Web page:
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The Media, God and Gaffes

Terry Mattingly

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Journalists in Washington, D.C., know how to cover protests. At the top of the "to do" list is finding that killer quote that captures the style of the protesters and their cause. This is harder than it sounds, as illustrated by this disastrous story.

Picture this scene. A flock of Pentecostal Christians has gathered at the U.S. Capitol for yet another prayer rally about sex, abortion, family values and the public square.

"At times, the mood turned hostile toward the lawmakers in the stately white building behind the stage," wrote The Washington Post in its coverage of the event. Then, without explanation, the story offered this on-stage quotation from a religious broadcaster: "Let's pray that God will slay everyone in the Capitol."

Slay what? Clearly, the reporters didn't know about the experience that Pentecostal Christians call being "slain in the Holy Spirit," in which they believe they are transformed by a surge of God's power. The result was a journalistic train wreck that ended up in the book The Elements of Journalism: What Newspeople Should Know and the Public Should Expect.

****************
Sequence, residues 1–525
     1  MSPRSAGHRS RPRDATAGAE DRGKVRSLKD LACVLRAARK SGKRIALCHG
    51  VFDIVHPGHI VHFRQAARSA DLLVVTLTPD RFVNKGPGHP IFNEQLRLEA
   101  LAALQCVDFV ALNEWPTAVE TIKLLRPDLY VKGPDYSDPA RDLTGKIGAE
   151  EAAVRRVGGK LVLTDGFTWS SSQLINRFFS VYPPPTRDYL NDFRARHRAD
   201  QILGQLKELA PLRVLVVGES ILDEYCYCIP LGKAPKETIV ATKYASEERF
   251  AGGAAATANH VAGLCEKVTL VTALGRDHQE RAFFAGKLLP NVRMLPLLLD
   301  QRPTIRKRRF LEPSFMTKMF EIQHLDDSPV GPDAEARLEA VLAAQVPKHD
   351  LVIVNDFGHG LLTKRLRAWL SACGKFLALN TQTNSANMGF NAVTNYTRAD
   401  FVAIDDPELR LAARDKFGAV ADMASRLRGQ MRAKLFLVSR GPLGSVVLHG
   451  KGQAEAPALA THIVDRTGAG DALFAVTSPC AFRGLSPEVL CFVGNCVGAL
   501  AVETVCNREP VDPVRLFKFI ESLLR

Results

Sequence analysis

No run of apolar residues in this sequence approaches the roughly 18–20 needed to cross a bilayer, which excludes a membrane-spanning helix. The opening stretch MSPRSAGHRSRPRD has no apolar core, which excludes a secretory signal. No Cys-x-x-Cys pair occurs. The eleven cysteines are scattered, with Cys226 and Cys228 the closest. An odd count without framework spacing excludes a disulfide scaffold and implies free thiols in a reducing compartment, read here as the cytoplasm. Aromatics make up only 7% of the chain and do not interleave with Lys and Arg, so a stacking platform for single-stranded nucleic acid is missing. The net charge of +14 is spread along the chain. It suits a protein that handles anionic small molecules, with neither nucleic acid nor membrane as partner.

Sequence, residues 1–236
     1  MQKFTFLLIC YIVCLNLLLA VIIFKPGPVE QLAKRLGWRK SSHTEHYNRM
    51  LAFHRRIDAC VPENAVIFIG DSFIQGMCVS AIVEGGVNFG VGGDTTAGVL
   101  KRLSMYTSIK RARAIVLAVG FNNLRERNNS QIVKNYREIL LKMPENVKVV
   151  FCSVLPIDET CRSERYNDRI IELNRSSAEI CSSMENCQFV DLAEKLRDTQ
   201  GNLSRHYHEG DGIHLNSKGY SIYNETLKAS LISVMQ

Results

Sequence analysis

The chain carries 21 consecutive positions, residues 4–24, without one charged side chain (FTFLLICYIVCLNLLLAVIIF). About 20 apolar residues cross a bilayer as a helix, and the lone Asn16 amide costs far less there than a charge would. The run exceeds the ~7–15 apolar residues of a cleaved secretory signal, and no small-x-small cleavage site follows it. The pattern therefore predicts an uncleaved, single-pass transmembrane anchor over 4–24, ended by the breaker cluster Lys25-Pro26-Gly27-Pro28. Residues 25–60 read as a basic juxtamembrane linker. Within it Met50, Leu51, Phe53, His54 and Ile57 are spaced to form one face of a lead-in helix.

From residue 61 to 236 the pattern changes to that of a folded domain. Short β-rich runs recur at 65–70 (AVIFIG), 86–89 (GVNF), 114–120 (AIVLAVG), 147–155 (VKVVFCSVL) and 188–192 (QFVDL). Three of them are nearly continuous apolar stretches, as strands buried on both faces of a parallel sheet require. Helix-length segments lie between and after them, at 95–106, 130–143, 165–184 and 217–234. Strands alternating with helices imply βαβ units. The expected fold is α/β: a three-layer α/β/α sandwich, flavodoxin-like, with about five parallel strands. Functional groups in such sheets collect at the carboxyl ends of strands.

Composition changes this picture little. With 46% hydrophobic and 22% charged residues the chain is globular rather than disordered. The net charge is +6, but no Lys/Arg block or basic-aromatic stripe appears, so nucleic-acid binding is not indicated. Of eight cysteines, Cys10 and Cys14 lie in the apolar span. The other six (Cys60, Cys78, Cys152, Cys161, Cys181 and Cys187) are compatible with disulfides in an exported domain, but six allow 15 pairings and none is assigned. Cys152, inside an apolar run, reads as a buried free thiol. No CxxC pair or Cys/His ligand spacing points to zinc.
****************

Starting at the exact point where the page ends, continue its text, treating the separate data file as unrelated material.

"The problem," wrote authors Bill Kovach and Tom Rosenstiel, "was that the reporters didn't know, didn't have any Pentecostals in the newsroom to ask, and was perhaps too anxious for a 'holy sh-t' story to double-check with someone afterward whether the broadcaster was really advocating the murder of the entire Congress." This mistake made "a strong case for the need for humility" at the news desk, they said.

Read the entire article on the USA Today website (new window will open).

Posted: 27-Jun-06



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